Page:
Weed Control in High Plains: Current Challenges and Future Outlook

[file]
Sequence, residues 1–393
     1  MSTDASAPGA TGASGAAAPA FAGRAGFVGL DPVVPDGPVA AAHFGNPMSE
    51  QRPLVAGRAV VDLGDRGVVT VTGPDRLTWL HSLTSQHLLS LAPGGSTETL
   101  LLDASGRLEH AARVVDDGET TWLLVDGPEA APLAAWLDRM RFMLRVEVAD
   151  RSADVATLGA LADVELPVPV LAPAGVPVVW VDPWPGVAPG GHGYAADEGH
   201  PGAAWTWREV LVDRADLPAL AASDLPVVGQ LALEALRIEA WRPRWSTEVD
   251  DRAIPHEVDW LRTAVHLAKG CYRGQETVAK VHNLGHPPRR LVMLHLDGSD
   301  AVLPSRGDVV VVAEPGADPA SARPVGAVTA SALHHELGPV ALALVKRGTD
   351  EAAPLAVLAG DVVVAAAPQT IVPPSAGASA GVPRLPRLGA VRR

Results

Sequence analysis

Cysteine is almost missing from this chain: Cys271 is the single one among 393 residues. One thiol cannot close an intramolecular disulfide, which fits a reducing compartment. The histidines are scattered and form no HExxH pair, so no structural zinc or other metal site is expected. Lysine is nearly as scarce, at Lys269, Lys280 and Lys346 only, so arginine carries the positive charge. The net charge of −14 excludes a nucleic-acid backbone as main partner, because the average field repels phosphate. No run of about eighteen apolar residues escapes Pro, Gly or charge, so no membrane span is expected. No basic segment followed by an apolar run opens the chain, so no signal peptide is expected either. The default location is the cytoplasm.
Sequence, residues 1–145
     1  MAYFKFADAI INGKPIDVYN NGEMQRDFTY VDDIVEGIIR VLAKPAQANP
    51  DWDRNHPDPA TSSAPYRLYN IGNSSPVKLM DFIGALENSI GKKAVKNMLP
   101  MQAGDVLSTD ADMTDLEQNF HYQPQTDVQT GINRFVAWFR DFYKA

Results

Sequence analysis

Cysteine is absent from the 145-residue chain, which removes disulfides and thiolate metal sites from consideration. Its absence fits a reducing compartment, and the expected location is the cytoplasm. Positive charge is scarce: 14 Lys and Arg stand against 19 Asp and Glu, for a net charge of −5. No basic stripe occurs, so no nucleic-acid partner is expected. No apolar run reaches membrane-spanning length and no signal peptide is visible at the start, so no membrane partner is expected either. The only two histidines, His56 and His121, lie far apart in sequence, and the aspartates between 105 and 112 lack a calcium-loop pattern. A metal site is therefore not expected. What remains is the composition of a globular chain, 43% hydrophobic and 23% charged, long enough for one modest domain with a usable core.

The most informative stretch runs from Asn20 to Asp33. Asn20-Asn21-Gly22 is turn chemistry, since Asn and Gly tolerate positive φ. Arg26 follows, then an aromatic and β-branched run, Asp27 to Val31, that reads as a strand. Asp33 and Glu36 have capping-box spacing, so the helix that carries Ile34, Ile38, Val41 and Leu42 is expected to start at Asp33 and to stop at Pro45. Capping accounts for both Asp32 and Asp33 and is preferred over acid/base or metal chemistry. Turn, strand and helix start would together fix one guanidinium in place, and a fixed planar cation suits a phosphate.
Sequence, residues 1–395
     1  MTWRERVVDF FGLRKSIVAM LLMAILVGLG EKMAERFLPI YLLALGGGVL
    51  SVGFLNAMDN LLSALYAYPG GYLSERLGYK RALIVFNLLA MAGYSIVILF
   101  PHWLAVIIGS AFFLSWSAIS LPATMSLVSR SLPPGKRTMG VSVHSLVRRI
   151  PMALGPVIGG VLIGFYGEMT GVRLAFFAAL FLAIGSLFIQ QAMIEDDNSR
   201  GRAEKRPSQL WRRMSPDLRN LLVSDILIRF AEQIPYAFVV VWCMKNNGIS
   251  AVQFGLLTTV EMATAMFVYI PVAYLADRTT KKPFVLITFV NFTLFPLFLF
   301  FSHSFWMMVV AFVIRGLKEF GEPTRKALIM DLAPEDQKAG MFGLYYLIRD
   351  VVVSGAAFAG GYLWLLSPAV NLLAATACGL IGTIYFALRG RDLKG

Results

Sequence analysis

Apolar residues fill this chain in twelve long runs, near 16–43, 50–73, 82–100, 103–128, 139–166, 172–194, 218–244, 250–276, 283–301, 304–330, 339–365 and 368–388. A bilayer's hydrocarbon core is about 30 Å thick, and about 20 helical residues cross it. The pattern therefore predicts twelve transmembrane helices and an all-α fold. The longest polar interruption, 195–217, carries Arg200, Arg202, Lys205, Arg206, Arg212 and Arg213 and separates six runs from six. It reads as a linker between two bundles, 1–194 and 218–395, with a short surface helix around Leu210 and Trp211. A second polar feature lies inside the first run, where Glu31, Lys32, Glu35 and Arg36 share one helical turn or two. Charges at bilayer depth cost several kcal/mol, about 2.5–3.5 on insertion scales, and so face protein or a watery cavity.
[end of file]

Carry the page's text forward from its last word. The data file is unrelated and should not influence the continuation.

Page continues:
The use of herbicides and herbicide-resistant (HR) crops have allowed to reduce or eliminate tillage for weed management, thereby benefitting soil and water conservation in the semi-arid High Plains. However, the widespread adoption of glyphosate-resistant crops, repetitive use of herbicides with the same mechanisms of action, and lack of diversity in production practices resulted in evolved resistance to herbicides in major cropland weed species, including horseweed, kochia, Palmer amaranth, common waterhemp, and Russian thistle. Managing HR weeds is complex and varies both within and between regions. Further complicating management is lack of community-wide concern and unified approach to management, lack of flexibility in government programs, and current commodity prices makes it difficult to change. This seminar will illustrate some of these challenges and will also highlight novel weed control strategies that may fit well in the no-till cropping systems of the High Plains for controlling HR weeds.
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